Referential Uses and the Foundations of Direct Reference

Joseph Almog

in Having in Mind

Published in print May 2012 | ISBN: 9780199844845
Published online May 2012 | e-ISBN: 9780199933501 | DOI:
Referential Uses and the Foundations of Direct Reference

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This chapter focuses on Keith Donnellan’s innovative 1966 paper “Reference and Definite Descriptions.” It suggests that it was in this paper that the now so influential “direct reference” semantic turn originated. It considers Kripe’s analysis of Donnellan, and suggests, contra Kripke, that Donnellan’s notion of referential use is designed to be of semantic significance. Indeed in 1966, Donnellan was submitting in the late sections of his paper, as he was analogizing with Russell’s notion of logically proper names, that referential uses may well be the ground zero of semantic (logical) reference. This is in contrast to Frege’s ground zero of semantics, the notion of denotation.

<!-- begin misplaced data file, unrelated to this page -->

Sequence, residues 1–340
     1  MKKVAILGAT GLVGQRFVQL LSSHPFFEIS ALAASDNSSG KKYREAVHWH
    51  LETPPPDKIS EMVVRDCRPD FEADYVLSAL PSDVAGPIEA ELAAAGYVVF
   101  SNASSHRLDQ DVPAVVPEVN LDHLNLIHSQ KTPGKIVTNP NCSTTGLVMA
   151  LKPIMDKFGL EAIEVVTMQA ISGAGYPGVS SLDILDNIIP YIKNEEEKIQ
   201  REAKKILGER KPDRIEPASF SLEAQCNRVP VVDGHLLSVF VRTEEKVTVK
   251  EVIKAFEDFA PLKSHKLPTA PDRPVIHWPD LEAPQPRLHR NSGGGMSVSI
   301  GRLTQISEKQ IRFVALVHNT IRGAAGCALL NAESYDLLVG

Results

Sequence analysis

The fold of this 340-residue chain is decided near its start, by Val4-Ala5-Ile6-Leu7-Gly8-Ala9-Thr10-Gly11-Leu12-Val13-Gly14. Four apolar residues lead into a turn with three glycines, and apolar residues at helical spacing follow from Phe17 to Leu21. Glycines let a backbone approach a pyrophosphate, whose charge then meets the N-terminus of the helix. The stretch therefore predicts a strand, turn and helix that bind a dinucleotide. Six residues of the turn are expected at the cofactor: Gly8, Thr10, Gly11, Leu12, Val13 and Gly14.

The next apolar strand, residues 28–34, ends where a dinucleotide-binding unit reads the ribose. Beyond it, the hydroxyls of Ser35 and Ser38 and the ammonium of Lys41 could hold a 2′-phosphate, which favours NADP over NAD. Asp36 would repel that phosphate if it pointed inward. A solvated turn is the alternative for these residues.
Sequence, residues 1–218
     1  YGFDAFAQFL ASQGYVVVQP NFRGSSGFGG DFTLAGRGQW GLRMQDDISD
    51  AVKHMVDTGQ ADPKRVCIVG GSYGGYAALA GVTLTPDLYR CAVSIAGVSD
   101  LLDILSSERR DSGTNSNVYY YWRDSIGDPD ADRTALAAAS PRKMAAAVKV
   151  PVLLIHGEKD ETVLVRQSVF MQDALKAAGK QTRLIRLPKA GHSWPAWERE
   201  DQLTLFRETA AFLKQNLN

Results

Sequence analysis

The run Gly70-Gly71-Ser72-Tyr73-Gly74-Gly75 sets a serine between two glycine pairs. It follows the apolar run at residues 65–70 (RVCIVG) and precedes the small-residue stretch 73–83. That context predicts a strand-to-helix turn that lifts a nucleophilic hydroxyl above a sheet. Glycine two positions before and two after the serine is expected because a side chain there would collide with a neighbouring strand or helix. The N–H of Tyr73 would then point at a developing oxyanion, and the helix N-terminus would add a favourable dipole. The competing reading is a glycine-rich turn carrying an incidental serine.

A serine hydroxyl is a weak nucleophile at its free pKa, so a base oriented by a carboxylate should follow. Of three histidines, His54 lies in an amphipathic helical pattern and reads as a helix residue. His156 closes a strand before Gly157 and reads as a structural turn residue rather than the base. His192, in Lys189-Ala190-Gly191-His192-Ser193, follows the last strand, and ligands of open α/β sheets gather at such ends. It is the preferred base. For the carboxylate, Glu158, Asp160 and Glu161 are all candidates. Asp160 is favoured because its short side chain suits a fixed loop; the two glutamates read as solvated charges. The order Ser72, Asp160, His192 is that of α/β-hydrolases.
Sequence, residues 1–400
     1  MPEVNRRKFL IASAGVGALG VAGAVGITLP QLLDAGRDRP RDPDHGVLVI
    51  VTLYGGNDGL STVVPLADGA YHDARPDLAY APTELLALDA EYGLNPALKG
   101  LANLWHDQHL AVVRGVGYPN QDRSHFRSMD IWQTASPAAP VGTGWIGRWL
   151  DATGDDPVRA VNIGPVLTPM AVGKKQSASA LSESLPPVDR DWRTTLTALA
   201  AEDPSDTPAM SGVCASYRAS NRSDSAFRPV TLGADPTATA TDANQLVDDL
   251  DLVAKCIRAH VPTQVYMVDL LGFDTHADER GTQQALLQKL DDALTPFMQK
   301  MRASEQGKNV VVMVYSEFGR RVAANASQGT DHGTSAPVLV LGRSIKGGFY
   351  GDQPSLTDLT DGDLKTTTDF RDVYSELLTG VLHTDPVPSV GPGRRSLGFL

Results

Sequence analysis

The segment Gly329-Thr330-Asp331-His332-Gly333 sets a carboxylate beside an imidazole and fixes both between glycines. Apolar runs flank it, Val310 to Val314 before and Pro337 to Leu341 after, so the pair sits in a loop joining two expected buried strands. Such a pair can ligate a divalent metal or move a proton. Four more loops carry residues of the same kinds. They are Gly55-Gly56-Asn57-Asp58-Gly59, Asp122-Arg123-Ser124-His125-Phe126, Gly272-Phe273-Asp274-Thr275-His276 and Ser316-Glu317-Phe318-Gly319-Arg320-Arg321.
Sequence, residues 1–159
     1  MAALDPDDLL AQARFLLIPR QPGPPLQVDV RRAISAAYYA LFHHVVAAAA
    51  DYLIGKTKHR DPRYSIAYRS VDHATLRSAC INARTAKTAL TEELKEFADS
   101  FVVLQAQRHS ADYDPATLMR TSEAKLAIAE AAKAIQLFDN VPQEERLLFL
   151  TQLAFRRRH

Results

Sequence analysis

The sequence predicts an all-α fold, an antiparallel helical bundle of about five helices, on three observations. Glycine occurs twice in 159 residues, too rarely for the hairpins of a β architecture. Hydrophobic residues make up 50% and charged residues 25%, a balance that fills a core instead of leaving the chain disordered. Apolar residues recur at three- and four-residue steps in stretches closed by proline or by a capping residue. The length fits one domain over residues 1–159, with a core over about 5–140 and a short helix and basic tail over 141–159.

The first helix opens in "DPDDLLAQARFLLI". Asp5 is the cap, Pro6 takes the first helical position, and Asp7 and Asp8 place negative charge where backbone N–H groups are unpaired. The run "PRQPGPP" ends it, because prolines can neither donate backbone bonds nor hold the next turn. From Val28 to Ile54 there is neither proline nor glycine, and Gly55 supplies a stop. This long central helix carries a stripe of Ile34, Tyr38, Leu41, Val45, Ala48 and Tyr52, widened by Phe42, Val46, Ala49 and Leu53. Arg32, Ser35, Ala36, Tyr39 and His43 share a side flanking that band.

Keywords: Keith Donnellan; Reference and Definite Descriptions; direct semantic reference; Kripke; referential use

Chapter.  4225 words. 

Subjects: Philosophy of Language

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